^{2}of the validation data. In both MLP and ANFIS models, in terms of correlation, RMSE, BIC, and AIC, it can be said that the data sets of A, B, B, and B provide the best results, respectively. Additionally, data set B also had the best performance in both models (Table 8).

#### 3.4. Other Species Group

^{2}in training. For the other three evaluation criteria (RMSE, AIC, and BIC), the best performance was for the data set D. Finally, we can say that data set D provides the best performance because the validation provides better R

^{2}than the training (Table 9). In the ANFIS model, data set C presented the best result in terms of all evaluation criteria (Table 9).

## 4. Discussion

_{d}, and average of BA were significant. These variables are associated with hornbeam (DBH, natural logarithm of DBH, and BAL) and chestnut-leaved oak, and other species (DBH and natural logarithm of DBH, BAL, and H

_{s}) showed a different pattern. The effectiveness of the two indices, size diversity and species diversity of Shannon–Wiener, on the increment rate were consistent with the results of Liang [57]. In the research for oak forests, an individual-tree model was presented, and it was concluded that the indices affecting the diameter increment include tree size, basal area, tree diameter, volume inventory, and site index [58]. The results of Lhotka and Loewenstein [59] on the development of individual-tree diameter growth models for the Missouri forest stands in the United States showed that the BAL parameter was effective for all species, while the patterns of remaining predictors were different for other species. The results of Lhotka and Loewenstein [59] were in line with the findings of the present study, except in one case. Unlike their findings, in our study the species composition (species diversity index) was not effective for all species groups. In general, the BAL variable has been used as the most important competition variable in previous growth and increment modeling studies (e.g., [60,61,62,63,64]). In this study, we incorporated all the measured independent variables, i.e., DBH, BAL, H

_{S}

_{,}H

_{d}

_{,}BA, number of trees per hectare, slope, aspect, and altitude into the modeling process. However, only DBH, BAL, BA, H

_{S}, and H

_{d}were significant and considered in the final model. Other variables were removed from the final model because they were insignificant in terms of correlation because the study area was relatively consistent in some respects (e.g., slope). If a larger area is selected for study, these variables may become meaningful [30,40]. However, variables of size diversity and species diversity have not been closely evaluated, except for few studies (e.g., [1,57]). Given the fact that the Hyrcanian forests have high biodiversity (species diversity) and high size diversity [30], consideration of these two indices in new studies is most important.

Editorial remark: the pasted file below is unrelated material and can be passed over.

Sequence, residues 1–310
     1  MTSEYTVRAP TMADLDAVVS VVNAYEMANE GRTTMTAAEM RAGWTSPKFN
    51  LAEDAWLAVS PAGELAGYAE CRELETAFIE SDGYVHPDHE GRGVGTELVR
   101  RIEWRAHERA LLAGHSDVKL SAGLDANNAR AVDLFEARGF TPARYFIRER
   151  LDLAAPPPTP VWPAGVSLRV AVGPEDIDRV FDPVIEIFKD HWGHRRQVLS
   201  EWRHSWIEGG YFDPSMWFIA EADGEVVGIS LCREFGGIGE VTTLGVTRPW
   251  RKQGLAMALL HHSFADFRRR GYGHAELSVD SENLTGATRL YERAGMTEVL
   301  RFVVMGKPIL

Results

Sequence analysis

^{2}) of the model showed the lowest value compared to the other tree groups. This means that the inputs of the model did not properly account for the variation in the diameter increment. It is recommended that hybrid models be fitted for this group. The low R

^{2}values can be attributed to a large number of heterogeneous data used in this study. However, the values were statistically significant and allowed for identifying major growth driving factors. For future works, other factors (e.g., soil properties) from a large-scale area might be incorporated into the models for measuring, and perhaps improving, their performance.

## 5. Conclusions

^{2}of the MLP and ANFIS models were estimated for the four groups of beech ((1.61 and 0.23) and (1.57 and 0.26)), hornbeam ((1.42 and 0.13) and (1.49 and 0.10)), chestnut-leaved oak ((1.55 and 0.28) and (1.47 and 0.39)), and other species ((1.44 and 0.32) and (1.5 and 0.24)), respectively. Despite the low coefficient of determination, the correlation test in both techniques was significant at a 0.01 level for all four groups. In general, the ANFIS worked better when the data from the oak and beech groups were used, probably because these groups represent the dense-covered areas with trees. On the other hand, the ANN performed better with the hornbeam and other species groups that represent a wide but less-covered area with trees. Our study also provides information on optimizing and adjusting the parameters necessary for the application of machine learning in developing prediction models for the estimation of the diameter increment in the Hyrcanian forests. We found that modeling techniques have a deep relationship with the nature of the tree species. The results provide guidance for future studies in the same area (Hyrcanian forest) or elsewhere in the diverse forests of the world.

## Author Contributions

## Funding

## Institutional Review Board Statement

## Informed Consent Statement

## Data Availability Statement

## Acknowledgments

## Conflicts of Interest

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**Figure 1.**The location of study area in northern Iran and network of permanent sample plots in the form of red dots.

**Figure 2.**Changes rate of Pearson correlation coefficient and RMSE for training and validation data (four data sets) of beech species.

**Figure 3.**The changes rate of Pearson correlation coefficient and RMSE for training and validation data (four data sets) of hornbeam species.

**Figure 4.**The changes rate of Pearson correlation coefficient and RMSE for training and validation data (four data sets) of chestnut-leaved oak species.

**Figure 5.**The change rate of Pearson correlation coefficient and RMSE for training and validation data (four data sets) of other species.

Groups of Trees | Year | Maximum | Average | Standard Deviation |
---|---|---|---|---|

Beech | 2003 | 178 | 39.1 | 29.1 |

2012 | 180 | 41.8 | 36.1 | |

Chestnut-leaved oak | 2003 | 108 | 22.7 | 13.3 |

2012 | 115 | 25.9 | 18.3 | |

Hornbeam | 2003 | 133 | 23.9 | 17.5 |

2012 | 136 | 26.1 | 19.5 | |

Other species | 2003 | 186 | 34.3 | 25.6 |

2012 | 188 | 37.5 | 26 |

Variable | Minimum | Maximum | Standard Deviation |
---|---|---|---|

The number of trees per hectare | 20 | 1220 | 241 |

DBH (cm) | 7.5 | 188 | 24.7 |

Average of BA in sample plot (m^{2}) | 0.02 | 0.633 | 0.1 |

BAL (m^{2}/ha) | 0 | 52 | 8.4 |